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According to Ehrilichman, during and after the 1968 election, Nixon felt that his two main enemies-black people and the anti-war hippie left-had to be neutralized. Because it could not be made unlawful to be black or against the war, black people had to be stigmatized with heroin use and the anti-war left hippie movement stigmatized with marijuana use. After his successful law and order campaign, Nixon sought to increase the federal government’s criminalization of both drugs: vilification, raids, arrests, prosecutions and mass incarceration followed.

Today, with many European Americans succumbing to the methamphetamine and heroin epidemic and both Republican and Democratic presidential candidates family members and friends having been affected, drug use is viewed as a public health crisis.

In this light, President Obama’s efforts to grant clemency to non-violent drug offenders languishing in federal prisons under excessive sentences should be lauded and encouraged.

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Courts Are Impeding Fair Disclosure In Criminal Cases:

So says a November 17, 2014 joint report issued by the National Association of Criminal Defense Lawyers and VERITAS Initiative at Santa Clara Law School. This study discloses “one of the major problems facing the nation’s criminal justice system today: the failure to ensure full, fair and timely disclosure of information favorable to an accused person in a criminal action.” The study reviewed claims under Brady (Brady v. Maryland, the Supreme Court declared that failure to disclose favorable information violates the constitution when that information is material) litigated in federal courts over a five-year period. The report recommends 3 proposals for increasing fair disclosure in criminal cases. First, in each case defense attorneys should request, and judges should grant ethical rule order for the prosecution to disclose all favorable information in accord with the American Bar Association Model Rule 3.8(d). Second, the judicial rules and policies should be amended to require fair disclosure of information. Finally, the most effective mechanism would be to adopt legislation codifying fair disclosure in criminal cases. View the full report at www.nacdl.org/discoveryreform/materialindifference.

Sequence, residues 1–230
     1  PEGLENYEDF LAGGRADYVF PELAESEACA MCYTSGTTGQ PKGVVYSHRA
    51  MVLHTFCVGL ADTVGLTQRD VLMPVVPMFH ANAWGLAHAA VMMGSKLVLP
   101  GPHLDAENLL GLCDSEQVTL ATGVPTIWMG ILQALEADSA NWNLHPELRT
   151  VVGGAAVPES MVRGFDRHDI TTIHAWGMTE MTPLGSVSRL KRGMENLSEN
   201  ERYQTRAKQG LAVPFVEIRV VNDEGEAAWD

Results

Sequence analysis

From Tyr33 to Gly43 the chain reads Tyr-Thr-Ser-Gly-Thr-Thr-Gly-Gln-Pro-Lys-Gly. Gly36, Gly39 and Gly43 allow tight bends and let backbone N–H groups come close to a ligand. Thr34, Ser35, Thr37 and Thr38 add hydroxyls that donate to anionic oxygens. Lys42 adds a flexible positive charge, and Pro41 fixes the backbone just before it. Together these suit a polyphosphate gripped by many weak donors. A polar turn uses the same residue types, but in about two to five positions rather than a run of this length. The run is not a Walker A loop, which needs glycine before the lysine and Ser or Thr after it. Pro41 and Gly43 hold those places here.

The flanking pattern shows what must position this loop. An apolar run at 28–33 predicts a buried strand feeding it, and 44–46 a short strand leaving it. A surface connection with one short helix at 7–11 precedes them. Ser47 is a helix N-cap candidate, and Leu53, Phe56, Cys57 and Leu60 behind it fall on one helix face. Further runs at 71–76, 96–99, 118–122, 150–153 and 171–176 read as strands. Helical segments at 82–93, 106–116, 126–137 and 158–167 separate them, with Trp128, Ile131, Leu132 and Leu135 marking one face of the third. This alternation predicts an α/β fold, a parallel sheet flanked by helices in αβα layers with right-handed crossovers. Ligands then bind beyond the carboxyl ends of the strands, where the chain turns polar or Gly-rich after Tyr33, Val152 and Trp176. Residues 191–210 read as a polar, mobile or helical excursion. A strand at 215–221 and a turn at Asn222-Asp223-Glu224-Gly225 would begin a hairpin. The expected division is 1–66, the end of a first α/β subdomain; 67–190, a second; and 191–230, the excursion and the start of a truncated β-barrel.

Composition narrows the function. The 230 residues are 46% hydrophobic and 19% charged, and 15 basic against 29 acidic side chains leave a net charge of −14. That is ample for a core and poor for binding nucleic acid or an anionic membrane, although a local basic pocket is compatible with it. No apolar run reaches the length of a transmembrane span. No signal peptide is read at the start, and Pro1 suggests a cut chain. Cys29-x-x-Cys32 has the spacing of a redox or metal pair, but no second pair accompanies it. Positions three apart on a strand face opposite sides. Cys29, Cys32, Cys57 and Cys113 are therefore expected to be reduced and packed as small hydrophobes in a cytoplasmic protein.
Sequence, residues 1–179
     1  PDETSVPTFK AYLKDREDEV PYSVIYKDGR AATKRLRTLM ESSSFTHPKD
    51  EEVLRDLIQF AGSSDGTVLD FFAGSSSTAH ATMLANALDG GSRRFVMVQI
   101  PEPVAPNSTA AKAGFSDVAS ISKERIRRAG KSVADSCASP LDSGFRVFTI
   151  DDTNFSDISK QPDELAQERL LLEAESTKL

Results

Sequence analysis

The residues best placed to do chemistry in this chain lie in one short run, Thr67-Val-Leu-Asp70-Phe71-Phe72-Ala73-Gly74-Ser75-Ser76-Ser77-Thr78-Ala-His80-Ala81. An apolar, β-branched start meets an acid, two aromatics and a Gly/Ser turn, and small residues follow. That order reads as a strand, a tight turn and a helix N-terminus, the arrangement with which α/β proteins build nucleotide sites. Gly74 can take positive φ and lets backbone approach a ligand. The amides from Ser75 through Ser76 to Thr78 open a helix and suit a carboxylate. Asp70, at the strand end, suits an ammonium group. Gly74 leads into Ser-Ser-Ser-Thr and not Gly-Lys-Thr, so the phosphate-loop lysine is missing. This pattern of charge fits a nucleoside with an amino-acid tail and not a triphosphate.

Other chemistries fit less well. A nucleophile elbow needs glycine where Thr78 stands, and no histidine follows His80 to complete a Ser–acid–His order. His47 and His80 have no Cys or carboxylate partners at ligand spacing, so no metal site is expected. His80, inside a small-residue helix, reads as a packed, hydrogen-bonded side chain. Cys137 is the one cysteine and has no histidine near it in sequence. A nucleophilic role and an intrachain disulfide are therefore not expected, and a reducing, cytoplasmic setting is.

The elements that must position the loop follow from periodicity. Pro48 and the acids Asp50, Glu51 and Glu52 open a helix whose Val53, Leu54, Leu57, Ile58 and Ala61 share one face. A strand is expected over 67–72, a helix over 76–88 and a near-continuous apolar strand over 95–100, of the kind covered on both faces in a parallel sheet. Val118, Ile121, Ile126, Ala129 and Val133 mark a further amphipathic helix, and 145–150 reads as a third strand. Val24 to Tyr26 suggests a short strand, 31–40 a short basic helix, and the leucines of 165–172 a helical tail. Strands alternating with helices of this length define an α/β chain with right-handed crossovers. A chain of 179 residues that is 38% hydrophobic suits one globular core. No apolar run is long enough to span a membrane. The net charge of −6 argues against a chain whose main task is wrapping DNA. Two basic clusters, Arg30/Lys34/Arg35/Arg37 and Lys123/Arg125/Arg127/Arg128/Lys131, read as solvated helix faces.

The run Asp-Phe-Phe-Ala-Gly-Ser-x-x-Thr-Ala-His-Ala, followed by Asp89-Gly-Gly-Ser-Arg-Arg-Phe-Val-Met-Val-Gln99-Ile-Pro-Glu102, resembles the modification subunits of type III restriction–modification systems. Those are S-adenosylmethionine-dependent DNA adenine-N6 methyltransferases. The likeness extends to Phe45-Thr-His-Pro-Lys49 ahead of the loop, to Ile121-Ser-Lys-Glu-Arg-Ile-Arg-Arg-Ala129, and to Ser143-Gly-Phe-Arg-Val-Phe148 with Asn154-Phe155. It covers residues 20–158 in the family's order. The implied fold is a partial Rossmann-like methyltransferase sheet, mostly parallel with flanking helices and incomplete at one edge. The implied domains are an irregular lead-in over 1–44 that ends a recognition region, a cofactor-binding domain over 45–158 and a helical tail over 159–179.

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Clemency Project 2014:

Earlier this year, the Department of Justice announced Clemency Project 2014-an initiative to entertain clemency for federal inmates whose sentences would be shorter today due to intervening changes in the law or policy. A working group comprised of lawyers and advocates including the American Bar Association, the American Civil Liberties Union, Families Against Mandatory Minimums, Federal and Public Defenders and the National Association of Criminal Defense Lawyers (NACDL) seek to assist federal prisoners who are serving unnecessarily harsh sentences for non-violent offences. Lawyers are encouraged to provide pro bono assistance  to reverse the unduly harsh prison sentences that were imposed upon so many.

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Limited Reliability of Eyewitness Identification:

The National Academy of Sciences (NAS) has released a comprehensive report focusing on the limited reliability of eyewitness identification which can result in mis-identification and wrongful conviction. Titled-Identifying the Culprit: Assessing Eyewitness Identification, the report concludes that it is crucial to implement eyewitness identification procedures that will achieve increased accuracy and reliability. The report discusses the “frailties of eyewitness identification testimony” and the need to improve practices for both obtaining eyewitness identification and their use in court. The NAS identifies specific deficiencies in identification procedures used by many law enforcement agencies that add to the inaccuracy of eyewitness identification and endorses several science and research-based recommendations aimed at improving the accuracy of identifications. The report suggests specific improvement to strengthen the value of this evidence at trial, including pre-trial inquiries and allowing eyewitness identification expert testimony.

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Lawyers Descend on Ferguson: